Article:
A student came into the library on Friday looking for an audio version of the next book she's reading in English class. I was a little befuddled at first, given that it's now exam week and, as previously mentioned, the time between Thanksgiving and Christmas will consist of regular classes, meaning that regular classes won't resume until January. I subsequently discovered that these students will be expected to read a book and make contributions to a message board during the time between now and when they return in January. These are seniors, and that seems like a perfectly reasonable project.
Only the book isn't available in audio. Not just at my library. Anywhere. No one has made an audio version of this book.
But no worries! Kurzweil (and perhaps another program I've been playing with) will convert electronic text to an mp3.
Only this book is also not available electronically. Anywhere.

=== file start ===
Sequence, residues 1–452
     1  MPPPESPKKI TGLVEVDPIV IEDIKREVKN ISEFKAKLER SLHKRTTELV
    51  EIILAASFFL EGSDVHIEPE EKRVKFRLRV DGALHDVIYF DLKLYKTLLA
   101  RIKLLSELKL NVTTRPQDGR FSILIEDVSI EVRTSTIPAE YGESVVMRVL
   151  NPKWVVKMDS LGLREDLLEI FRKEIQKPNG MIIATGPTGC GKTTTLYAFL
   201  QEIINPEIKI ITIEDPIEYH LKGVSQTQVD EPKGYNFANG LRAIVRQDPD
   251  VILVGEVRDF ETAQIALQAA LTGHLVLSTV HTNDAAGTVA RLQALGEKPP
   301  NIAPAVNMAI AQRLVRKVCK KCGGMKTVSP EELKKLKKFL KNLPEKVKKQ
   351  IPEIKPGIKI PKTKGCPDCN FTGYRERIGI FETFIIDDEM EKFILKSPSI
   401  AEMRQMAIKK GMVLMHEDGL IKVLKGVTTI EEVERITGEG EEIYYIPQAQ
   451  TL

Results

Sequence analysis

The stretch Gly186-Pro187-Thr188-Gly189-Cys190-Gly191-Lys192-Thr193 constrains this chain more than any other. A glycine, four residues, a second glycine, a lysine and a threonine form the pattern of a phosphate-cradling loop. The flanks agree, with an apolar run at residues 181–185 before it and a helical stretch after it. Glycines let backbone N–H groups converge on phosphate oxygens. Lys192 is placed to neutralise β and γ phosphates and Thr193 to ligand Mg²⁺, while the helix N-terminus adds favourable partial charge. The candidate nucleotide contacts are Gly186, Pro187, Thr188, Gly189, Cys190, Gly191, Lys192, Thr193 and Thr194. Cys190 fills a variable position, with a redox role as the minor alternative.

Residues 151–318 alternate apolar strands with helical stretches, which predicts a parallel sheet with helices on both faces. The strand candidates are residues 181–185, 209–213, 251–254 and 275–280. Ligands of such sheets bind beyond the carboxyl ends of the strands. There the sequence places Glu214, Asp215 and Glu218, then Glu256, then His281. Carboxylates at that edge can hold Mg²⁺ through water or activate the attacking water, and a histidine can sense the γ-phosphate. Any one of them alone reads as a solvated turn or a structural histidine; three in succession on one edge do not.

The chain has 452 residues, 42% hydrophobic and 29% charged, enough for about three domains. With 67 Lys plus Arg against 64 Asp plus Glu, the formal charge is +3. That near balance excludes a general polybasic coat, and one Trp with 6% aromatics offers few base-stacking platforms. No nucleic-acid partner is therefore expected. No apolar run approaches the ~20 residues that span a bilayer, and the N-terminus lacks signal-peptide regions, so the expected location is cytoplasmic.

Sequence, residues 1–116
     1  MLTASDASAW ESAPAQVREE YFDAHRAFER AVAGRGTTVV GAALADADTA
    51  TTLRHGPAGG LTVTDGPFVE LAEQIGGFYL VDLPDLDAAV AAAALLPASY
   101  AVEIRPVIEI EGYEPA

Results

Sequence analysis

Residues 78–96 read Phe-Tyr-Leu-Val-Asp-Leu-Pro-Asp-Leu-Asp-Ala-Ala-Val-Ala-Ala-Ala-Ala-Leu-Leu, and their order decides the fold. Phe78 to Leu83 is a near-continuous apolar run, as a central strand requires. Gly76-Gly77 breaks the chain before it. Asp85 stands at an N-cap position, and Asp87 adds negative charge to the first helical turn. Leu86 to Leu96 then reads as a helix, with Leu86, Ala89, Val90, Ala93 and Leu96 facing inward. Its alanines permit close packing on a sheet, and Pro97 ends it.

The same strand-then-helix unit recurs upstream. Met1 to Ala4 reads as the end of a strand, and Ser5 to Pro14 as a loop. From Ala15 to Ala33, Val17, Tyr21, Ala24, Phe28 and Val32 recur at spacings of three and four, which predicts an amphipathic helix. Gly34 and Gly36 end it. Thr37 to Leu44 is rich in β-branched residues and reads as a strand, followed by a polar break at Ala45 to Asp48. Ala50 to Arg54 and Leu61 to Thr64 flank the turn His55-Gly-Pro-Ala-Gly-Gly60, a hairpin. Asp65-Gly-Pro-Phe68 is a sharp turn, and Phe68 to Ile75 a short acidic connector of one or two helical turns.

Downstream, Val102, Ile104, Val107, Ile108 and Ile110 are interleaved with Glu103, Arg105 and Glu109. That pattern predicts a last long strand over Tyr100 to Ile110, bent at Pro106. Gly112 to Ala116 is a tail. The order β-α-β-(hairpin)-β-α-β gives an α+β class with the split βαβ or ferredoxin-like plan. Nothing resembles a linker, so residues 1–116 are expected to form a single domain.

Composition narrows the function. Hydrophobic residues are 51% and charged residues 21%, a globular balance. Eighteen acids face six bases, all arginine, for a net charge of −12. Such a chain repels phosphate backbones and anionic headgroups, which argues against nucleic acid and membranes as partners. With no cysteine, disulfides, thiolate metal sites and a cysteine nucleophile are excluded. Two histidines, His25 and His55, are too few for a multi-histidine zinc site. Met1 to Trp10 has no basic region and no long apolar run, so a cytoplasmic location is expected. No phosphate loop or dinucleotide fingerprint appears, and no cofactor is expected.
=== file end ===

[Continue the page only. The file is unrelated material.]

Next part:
The only version it is available in is traditional print. Which, at most schools, would probably be fine. But at a school for LD students? Not so much.
We're in exams now, so it is likely too late for the senior English teachers to change their plans; if anything, they would have to scrap this plan entirely, which I don't want them to have to do. But I've already had two requests for the book in audio, and those demands (from students and parents) are only going to increase as students actually start reading.
So it would appear that the answer to the question, "How long does it take us to take a paper book, convert it to electronic text, and then convert that to mp3?" is "by Wednesday."